What’s wrong with this advert?

There’s been a bit of a furore on social media this afternoon about this (apparently genuine) recruitment advert:

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HR professionals will know the answer to the question in the title. Recruitment agencies should, but clearly not all do. But if you’re the owner of a small business, without a great deal of knowledge of employment law, you would expect that retaining an “expert” to assist you with filling a role would ensure that you don’t

a) Contravene the Equality Act. It’s illegal to advertise for someone of a particular sex (with some very clear exceptions) or age, yet this advert visually implies that only young women can be secretaries. As the client, you would be held liable together with the agency if an individual decided to make a claim –  and remember that even someone who didn’t even apply could make a complaint to the EHRC, which might then decide to investigate your company.

b) Send out some very negative messages about your company. The implication that women can only occupy subservient positions to male bosses is hardly likely to attract many good quality candidates, and is the suggestion that errors may result in physical punishment really the impression you want to give of how your company works?

You wouldn’t plan when advertising a job that it would result in you breaking the law or damaging your company’s reputation, yet that’s exactly what has happened here. It doesn’t matter if you or your agency think you are being “witty” by make a reference to a cult movie if your potential candidates (or indeed your customers on a wider basis) find it tasteless and sexist.

Clearly in this case the client were very badly advised by the agency concerned, who themselves seem to lack a basic knowledge of employment law or what’s often referred to as employer branding.  I’m all for doing something original and interesting to set your job advert apart from your competitors, but this isn’t the way to do it. It’s a warning to small businesses to carry out the same checks on the professional advisers you engage as you would do with anyone else you’re entering into business with.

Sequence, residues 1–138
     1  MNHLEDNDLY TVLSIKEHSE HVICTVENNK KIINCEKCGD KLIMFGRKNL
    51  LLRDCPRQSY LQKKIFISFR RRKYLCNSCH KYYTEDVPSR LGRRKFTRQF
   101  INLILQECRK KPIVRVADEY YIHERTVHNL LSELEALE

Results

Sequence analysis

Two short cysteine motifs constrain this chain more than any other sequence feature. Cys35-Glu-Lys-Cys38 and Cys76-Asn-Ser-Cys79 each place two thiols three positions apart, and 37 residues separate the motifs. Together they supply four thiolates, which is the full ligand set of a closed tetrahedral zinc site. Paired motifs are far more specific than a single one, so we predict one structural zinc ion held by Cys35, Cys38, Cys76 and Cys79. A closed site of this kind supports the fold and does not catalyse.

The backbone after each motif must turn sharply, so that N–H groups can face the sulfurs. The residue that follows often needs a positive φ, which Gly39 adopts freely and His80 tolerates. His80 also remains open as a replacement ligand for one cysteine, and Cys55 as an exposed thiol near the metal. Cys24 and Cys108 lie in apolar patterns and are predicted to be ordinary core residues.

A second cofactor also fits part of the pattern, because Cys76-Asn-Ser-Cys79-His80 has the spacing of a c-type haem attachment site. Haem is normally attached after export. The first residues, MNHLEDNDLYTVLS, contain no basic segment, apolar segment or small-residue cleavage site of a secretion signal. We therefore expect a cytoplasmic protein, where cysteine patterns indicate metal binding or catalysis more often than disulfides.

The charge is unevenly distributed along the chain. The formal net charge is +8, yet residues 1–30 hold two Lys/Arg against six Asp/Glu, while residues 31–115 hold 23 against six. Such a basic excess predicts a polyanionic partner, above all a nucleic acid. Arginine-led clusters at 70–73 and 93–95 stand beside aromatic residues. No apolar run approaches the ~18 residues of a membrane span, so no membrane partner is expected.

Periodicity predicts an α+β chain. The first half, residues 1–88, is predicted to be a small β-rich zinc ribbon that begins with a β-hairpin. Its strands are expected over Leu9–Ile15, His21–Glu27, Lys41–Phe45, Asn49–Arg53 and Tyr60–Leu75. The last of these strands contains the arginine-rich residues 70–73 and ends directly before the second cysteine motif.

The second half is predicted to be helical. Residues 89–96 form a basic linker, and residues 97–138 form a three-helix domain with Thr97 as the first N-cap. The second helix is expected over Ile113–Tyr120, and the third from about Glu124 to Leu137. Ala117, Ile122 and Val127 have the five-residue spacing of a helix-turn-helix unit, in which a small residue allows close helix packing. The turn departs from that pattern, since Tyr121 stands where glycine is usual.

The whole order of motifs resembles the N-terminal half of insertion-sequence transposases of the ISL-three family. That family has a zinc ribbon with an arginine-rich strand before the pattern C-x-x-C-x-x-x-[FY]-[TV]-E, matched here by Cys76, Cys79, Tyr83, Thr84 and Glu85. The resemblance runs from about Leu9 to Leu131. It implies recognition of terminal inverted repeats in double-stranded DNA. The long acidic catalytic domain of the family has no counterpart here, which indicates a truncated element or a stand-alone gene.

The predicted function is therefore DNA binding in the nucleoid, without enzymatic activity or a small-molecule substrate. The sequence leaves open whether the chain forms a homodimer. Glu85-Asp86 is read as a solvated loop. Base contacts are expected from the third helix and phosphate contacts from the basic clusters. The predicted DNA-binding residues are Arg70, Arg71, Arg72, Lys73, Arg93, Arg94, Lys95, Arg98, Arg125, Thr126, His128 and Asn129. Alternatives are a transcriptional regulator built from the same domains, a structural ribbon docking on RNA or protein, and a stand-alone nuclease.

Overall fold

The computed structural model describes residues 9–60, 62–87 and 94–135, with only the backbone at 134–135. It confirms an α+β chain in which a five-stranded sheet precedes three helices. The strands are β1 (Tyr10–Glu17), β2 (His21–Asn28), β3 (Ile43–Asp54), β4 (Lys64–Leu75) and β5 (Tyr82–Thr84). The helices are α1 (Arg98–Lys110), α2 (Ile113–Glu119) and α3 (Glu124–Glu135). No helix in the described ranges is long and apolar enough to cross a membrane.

Straw and Rifkind show the problem of managing staff with “second jobs”

There’s been much schadenfreude in the exposure of two former high ranking government ministers, Sir Malcolm Rifkind and Jack Straw, touting themselves for business and offering to sell their “influence” to a fictitious Chinese company. (In the interests of political neutrality one is from the Conservatives, one from Labour).  It’s provoked a debate about whether MPs should be banned from holding second jobs.

MPs aren’t employees. But the same issue of whether an employee can hold a second job is one I am often asked. So what is the situation?

Firstly, you can’t impose a blanket ban on individuals doing work when they aren’t working for you. Individuals have a right to spend their time outside work in whatever way they wish, which includes earning money. However, you do have a right to ensure that they are not doing anything which could damage your business –so you can legitimately prevent them from working for a competitor, or other organisation which might want access to your commercial information (a supplier or customer for example). As with all these things, should matters be challenged by the employee, you’d need to show that there was some clear impact on your business.

You can also prevent an employee from doing other work if it would stop them from working for you. So if someone wants to do an evening job starting at 6 but isn’t due to finish their shift with you till 7, then you can of course also prevent them from doing this.

The third key area is Health and Safety, particularly (and ironically given how much some employers seem to hate them) via the Working Time Regulations. These lay down the rules about the maximum 48 hour working week, rest breaks and time between shifts. If a member of staff works 35 hours a week for you (9 to 5 Mon-Fri say) and then wants to do 20 hours a week in a bar (say a four hour shift Wednesday/Thursday/Friday/Saturday/Sunday) you could try to prevent them from doing so on the grounds that they are working 55 hour weeks possibly without sufficient rest between shifts. Again, if you can show a clear safety risk (they operate machinery for example) it’s easier to do this.